ADUs: What You Should Know Before Building One
25
Jan

ADUs: What You Should Know Before Building One

 

Are you looking into adding an ADU to your property? Get off to a good start and familiarize yourself with the types of ADUs, different modes of construction, and other variables so you can build a solid foundation of knowledge for your project.

What Are ADUs?

ADU stands for accessory dwelling unit – a small living structure added to another building. You might have heard someone refer to ADUs with a different name before, such as accessory apartment or secondary suite.

As these names suggest, people often use ADUs as an extra living space. You can attach them to almost any part of your house or leave them unattached based on your needs. Because of its versatility, people can use their ADU for a multitude of purposes:

  • Provide a home for a loved one who needs assisted living
  • Prepare a lodging for guests
  • Building for a caregiver
  • Increase their home’s property value
  • Earn extra income from renting

Since ADUs serve many needs, they need to have versatile designs.

Types of ADUs

ADUs come in several different shapes and sizes to fit with any house. Both construction managers and homeowners need to know the common types of ADUs:

  • Detached New Construction ADU: a standalone unit often placed in a homeowner’s side or backyard as a new addition. They do not connect to the main house.
  • Attached ADU: extends from the primary residence, generally used as a garage or workshop.
  • Above Garage ADU: attached above the existing garage.
  • Garage Conversion ADU: existing garage changes function from a car storage space to a living area. It can be attached or detached.
  • Interior Lower-Level ADU: additional living space in the basement attached to the main residence via a new entrance, also known as a basement conversion ADU.
  • Interior Upper-Level ADU: additional living space in the attic, accessible via an outdoor stair and private door.

How Much Does an ADU Cost?

The cost of an ADU varies depending on the type, but many other factors can greatly affect the bottom line:

  • Construction
  • Design
  • Utility installation
  • Landscaping
  • Furniture
  • The builder
  • Site conditions
  • Costs of labor and materials in the area
  • Zoning laws

You might notice that size did not appear on that list. Size doesn’t contribute much to an ADU’s costs. The smallest unit can have more features and accessories than the largest unit. With that in mind, it makes sense to build an ADU with more extensive square footage.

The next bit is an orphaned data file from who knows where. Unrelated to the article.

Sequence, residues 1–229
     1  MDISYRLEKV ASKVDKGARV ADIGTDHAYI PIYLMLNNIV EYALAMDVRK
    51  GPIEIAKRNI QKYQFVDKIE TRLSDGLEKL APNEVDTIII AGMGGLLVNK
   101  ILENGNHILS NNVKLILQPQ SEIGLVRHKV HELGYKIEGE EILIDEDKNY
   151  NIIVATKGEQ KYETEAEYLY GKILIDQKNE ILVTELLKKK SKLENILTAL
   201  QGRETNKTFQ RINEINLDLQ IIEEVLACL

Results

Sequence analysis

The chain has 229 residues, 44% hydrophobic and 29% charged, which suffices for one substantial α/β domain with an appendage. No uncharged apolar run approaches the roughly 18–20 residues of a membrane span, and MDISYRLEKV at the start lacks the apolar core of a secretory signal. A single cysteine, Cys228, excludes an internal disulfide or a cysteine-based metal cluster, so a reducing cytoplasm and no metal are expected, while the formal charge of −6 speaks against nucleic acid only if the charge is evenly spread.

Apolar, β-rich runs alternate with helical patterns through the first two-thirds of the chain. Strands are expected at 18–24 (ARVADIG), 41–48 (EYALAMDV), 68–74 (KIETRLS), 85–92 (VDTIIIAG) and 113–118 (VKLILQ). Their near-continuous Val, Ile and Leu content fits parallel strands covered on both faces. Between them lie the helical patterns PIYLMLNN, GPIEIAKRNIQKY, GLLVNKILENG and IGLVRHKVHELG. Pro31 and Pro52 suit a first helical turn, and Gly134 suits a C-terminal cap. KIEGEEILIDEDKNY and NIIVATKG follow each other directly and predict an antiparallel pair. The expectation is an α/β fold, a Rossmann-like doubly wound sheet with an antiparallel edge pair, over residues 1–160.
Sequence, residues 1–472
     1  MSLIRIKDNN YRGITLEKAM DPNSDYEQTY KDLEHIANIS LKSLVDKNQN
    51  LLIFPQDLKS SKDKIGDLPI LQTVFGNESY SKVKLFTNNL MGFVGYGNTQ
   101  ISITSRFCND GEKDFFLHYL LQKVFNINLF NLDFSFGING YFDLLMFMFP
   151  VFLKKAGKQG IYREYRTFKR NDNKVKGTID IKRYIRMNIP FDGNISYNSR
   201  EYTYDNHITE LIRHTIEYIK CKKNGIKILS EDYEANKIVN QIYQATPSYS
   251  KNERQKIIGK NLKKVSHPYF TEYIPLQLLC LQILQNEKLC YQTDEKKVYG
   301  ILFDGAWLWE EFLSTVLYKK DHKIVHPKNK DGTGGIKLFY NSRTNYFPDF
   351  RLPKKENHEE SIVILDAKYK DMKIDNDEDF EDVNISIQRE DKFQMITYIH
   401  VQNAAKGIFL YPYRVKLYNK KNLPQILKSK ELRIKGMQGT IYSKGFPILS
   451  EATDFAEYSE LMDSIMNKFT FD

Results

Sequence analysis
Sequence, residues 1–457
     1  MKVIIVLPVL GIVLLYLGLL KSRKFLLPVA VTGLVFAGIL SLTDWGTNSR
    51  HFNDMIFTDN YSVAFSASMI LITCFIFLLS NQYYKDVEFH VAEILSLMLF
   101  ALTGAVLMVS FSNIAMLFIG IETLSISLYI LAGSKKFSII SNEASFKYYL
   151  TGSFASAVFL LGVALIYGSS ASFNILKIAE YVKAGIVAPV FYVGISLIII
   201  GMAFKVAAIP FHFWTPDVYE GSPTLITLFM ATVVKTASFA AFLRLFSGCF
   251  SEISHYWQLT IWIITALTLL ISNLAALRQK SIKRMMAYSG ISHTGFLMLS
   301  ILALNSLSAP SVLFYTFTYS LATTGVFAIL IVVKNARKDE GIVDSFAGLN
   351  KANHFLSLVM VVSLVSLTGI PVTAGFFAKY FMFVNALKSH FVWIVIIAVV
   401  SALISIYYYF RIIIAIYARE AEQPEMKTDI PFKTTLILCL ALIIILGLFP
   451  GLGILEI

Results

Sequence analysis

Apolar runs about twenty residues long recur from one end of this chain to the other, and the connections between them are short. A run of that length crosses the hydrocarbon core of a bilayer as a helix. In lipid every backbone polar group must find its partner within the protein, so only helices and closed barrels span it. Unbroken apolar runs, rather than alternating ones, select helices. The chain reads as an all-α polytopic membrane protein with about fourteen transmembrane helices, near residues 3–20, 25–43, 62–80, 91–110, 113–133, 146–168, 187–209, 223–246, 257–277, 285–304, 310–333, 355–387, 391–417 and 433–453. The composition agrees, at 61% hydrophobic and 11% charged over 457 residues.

If you’re looking for an average price, that number is quite random and likely won’t give you a reasonable estimate. The final number can fall between $80k for a modest detached ADU and $400k for a luxurious attached ADU. These structures have too many moving parts to predetermine the cost, so be prepared to bring on a consultant to help simplify things.

Additionally, since ADUs are a growing commodity and not yet mainstream, you might find it challenging to get a loan from the bank to finance the project. It will likely have to come out of your own pocket, which will put a dent in your retirement savings.

However, once you complete the ADU, you can rebuild your wealth by renting the unit out or making it an Airbnb. It’s also a much cheaper way to take care of loved ones who need assisting living than sending them to an expensive retirement community. You can naturally make your money back over time.

Building Your ADU

Before you decide where to build your ADU, you first must determine why you’re making it. The why will influence your decision to build on-site or somewhere else. Carefully consider the following factors:

  • The person/people you’re building for
  • The type of ADU that best suits their needs
  • The amount of property you have to work with
  • The property’s layout

The user might need special accommodations, like handicap accessibility. Some ADU types support that function better than others. If you have enough space, you should use it. If your property has a flexible layout, you can make all kinds of customizations.

On-Site vs. Modular: Which Is Better?

If you opt for a detached ADU, modular construction is the better choice. The attached ADUs are all built on-site as a necessity. But which building method will give you the most cost-effective results? Let’s weigh the pros and cons of each.

Modular Building